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The age of technocrats is over, the time for systems changers are here

Reflections on the new conditions to create change, following the UN Civil Society Conference Nairobi

By Jean McLean GEC · 31st May, 2024
UN Civ Soc Conf Nairobi

Our Director of Engagement Jean McLean shares her top five takeaways from the 2024 UN Civil Society Conference in Nairobi, Kenya.

1. More configurations for change

The advent of increasing multipolarity and more regionalisation in geopolitics is opening up change opportunities for social justice campaigners.

In a more fluid system, change has multiple shapes, and traits such as flexibility, adaptability, inclusivity, landscape knowledge are highly prized. Organisations that can horizon scan, regularly test assumptions, a willingness to work in coalitions, a commitment to goals but creativity of means should be the order of this time.

2. Technocrats plus

The role of technocrats may not be over but it is definitely no longer sufficient in the way it once was to create change. Specific expertise and knowledge is still needed to unlock barriers to change but this expertise needs to be complemented by other features e.g. constituencies building demand for these changes, the demonstrable failure and unfairness of the current system and a compelling narratives for change.

In a more competitive ecosystem of ideas it is not enough to be correct, you need a power base and complementary environmental dynamics.

3. Ask not, "insider or outsider," but what you can do for allies

Radical flanks and mainstream masses are both required to create change. Greater movement generosity needs to be the order of the day, with intentionality around sharing organisational assets such as access, intelligence and mobilisation capacity. Instead of worrying about who we let in and who we keep out we should spend that energy creating new ways to work together.

As a coalition, time is well spent working out who should speak and when. Is it for us to propose a recommendation or one of our members? How important is this issue to them and to us, what enables us to have maximum manoeuvrability? How can we both equal and different?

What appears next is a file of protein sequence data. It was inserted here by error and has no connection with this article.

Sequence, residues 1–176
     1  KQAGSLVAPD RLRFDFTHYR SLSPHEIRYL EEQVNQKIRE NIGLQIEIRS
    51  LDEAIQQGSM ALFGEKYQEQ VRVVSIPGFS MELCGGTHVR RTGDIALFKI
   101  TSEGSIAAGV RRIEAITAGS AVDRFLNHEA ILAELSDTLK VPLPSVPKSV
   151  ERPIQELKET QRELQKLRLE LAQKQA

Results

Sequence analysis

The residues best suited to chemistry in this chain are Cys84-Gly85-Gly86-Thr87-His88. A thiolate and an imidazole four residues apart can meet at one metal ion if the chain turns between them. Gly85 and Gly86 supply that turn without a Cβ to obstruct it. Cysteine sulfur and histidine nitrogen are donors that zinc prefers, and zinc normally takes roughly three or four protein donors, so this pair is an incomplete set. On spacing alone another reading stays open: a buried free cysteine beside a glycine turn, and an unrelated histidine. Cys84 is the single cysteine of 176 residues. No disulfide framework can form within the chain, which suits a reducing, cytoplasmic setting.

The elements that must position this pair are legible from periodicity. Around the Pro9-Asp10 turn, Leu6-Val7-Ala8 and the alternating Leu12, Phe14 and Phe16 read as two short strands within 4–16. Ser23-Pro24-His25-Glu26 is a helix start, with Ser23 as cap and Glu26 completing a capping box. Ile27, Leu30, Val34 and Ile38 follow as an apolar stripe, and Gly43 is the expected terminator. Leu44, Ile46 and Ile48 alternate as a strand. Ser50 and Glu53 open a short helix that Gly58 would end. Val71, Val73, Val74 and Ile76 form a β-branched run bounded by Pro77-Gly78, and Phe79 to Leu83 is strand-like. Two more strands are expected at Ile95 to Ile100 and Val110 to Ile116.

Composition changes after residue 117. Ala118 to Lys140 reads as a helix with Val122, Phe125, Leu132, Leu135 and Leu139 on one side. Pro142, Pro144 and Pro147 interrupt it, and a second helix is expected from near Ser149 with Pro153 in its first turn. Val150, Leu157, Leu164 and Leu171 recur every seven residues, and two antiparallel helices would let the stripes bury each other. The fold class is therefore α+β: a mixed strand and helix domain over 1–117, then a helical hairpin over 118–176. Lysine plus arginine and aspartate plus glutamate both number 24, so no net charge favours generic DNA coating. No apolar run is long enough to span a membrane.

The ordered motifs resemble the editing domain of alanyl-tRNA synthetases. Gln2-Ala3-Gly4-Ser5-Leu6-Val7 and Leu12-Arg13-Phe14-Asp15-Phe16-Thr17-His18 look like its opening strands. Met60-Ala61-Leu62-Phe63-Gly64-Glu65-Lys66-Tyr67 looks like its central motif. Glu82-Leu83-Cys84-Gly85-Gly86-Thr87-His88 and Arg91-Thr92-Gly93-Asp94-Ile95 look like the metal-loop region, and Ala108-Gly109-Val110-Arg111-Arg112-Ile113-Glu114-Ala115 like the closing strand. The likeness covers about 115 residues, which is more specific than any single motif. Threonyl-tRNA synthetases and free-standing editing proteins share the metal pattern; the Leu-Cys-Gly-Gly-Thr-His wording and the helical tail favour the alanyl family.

Critically how and under what conditions will we provide political cover. If we want decision makers to take big and bold moves, we must create these conditions for change. Understanding when we have consensus around a policy, when an offer is “realistic” and improves on where we are? And understanding who can’t agree and why they will continue to strive for a more principled outcome. We need to know, respect and understand our partners in change.

4. All the feels

In this dynamic environment with multiple change pathways, emotional intelligence, political acumen and the ability to weave networks will be critical skills and aptitudes. An awareness of power dynamics, feminist leadership principles and an ability to operate in consensus driven and non hierarchical spaces are just as important as the ability to speak on panels, provide technical insights and policy recommendations.

5. You can only move as fast as trust

Having the space, resources and metrics to invest in relationships, building trust and learning how best work together is critical. Designing individual and organisational work plans that value relationships and that resist the urge to cram too many tasks and deliverables into a role. Divining the wisdom within the networks, earning the right to lead and interpreting the signal from the noise of the coalition all take time to learn. Asymmetrically you can quickly lose relationship capital. Designing an infrastructure that values and recognises the work of relationships is key.

Conclusion: G77 and the UN on the up, OECD and G7 losing ground

For countries and campaigns, different spaces are more likely to achieve different results. There is a new effort to bring international tax debates from the OECD to the United Nations where emerging economies will have a majority.

The G77 is gaining in discipline and strength when acting as a block. And Brazil while leading the G20 are working hard to align it with the UN and in particular the work flowing to and from the Summit of the Future.

For international organisations and those prepared to do the hard work of mobilising on issues domestically and internationally, this will require popular mobilisation not just advocacy to increase the mandate for these changes. If these debates are kept technical, had behind closed doors and in exclusive places they will have little impact.

- Jean McLean

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